SOUTH PORTLAND — A proposal to build 28 affordable apartments on Sunset Avenue in Thornton Heights got a rough reception Tuesday evening at a neighborhood meeting hosted by the South Portland Housing Authority.

Twenty residents and property owners turned out for the proposal’s debut and none of them said they liked the idea. Most raised concerns about its impact on traffic, pedestrian safety, property values and overall quality of life in the neighborhood.

“It’s too big for the neighborhood. It can’t handle it,” said Gwen Steuterman, 74, a near-lifelong resident. “Good luck, guys. We’re gonna fight it.”

Tuesday’s meeting was the first stop for one of two projects proposed by the authority to address the city’s tight rental market. The other proposal is a 48-unit, five-story apartment building at 51 Ocean St., in the Knightville neighborhood. Both projects require zoning changes to move forward.

Executive Director Mike Hulsey told residents at Tuesday’s meeting that the authority wants to increase housing availability overall in the city and shorten the wait for subsidized housing, which can range from two to three years for one- and two-bedroom apartments to six years for a three-bedroom apartment.

“I can’t stress enough the need for more housing in this city,” Hulsey said. “We know (the Sunset Avenue project is) going to have an effect on the neighborhood. We hope it would be a positive effect.”

The authority plans to build the project at 131 Sunset Ave., a 3-acre vacant lot overlooking the railroad tracks that Rigby Yard that the authority purchased last November for $185,000, according to city tax records.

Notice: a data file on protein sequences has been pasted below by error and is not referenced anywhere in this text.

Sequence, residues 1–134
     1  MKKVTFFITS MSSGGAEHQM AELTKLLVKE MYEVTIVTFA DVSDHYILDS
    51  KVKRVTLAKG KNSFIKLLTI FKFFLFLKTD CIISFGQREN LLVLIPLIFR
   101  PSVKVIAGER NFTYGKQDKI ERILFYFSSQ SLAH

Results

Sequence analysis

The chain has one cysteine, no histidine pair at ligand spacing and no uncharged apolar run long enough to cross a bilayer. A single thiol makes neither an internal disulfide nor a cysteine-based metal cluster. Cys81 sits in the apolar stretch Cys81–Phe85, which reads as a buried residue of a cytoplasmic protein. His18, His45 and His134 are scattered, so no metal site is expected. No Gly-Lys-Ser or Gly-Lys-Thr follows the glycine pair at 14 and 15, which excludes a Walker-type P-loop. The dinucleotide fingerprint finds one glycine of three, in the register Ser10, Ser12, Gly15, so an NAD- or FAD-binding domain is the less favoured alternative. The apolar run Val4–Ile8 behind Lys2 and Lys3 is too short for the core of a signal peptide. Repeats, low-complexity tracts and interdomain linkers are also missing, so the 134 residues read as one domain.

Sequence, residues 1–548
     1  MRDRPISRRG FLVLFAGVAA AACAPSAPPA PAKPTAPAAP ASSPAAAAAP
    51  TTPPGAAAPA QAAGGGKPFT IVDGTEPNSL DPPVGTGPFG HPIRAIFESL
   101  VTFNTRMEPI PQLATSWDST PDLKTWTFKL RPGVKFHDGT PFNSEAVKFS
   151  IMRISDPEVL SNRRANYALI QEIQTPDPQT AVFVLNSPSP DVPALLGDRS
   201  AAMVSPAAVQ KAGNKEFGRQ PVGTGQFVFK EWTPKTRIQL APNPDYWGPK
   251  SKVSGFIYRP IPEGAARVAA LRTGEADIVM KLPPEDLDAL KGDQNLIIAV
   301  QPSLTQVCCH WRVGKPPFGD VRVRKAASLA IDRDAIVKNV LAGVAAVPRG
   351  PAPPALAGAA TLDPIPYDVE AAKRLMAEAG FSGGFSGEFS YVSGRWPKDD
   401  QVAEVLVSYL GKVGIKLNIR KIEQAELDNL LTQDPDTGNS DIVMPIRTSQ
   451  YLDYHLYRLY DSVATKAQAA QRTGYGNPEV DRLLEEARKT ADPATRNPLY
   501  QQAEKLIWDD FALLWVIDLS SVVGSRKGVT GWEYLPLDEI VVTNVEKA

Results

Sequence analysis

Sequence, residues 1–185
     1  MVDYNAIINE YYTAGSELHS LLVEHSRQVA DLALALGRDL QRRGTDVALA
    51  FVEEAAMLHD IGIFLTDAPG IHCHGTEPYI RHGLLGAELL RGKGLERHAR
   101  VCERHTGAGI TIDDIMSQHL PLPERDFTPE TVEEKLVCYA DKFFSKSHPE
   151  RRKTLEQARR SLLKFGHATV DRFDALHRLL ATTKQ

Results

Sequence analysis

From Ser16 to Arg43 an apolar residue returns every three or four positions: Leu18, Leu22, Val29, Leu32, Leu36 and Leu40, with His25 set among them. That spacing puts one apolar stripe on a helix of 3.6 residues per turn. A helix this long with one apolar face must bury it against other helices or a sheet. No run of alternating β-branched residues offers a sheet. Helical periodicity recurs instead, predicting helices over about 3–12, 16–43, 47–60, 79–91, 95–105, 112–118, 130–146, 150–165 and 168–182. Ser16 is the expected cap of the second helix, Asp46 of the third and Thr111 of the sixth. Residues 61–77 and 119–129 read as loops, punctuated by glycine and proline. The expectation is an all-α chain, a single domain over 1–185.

Designed by St. Germain Collins of Westbrook and Archetype Architects of Portland, the project would consist of two three-story buildings containing 14 units each, including two- and three-bedroom apartments. The parcel is in a residential zone where the density limit is five units.

Twenty-one units would be priced to be affordable for a family of four with a median annual income of $83,400, Hulsey said. Seven units would be eligible for low-income housing vouchers.

Two-bedroom units would rent for $1,400 to $1,500 and three-bedroom units would rent for $1,600 to $1,800, said Patrizia Bailey, a development consultant working for the authority.

Hulsey said the authority and its consultants will take residents’ concerns into consideration before submitting formal proposals to the Planning Board in the weeks ahead.

A neighborhood meeting for the Ocean Street proposal will be held at 5 p.m. next Tuesday at 100 Waterman Drive.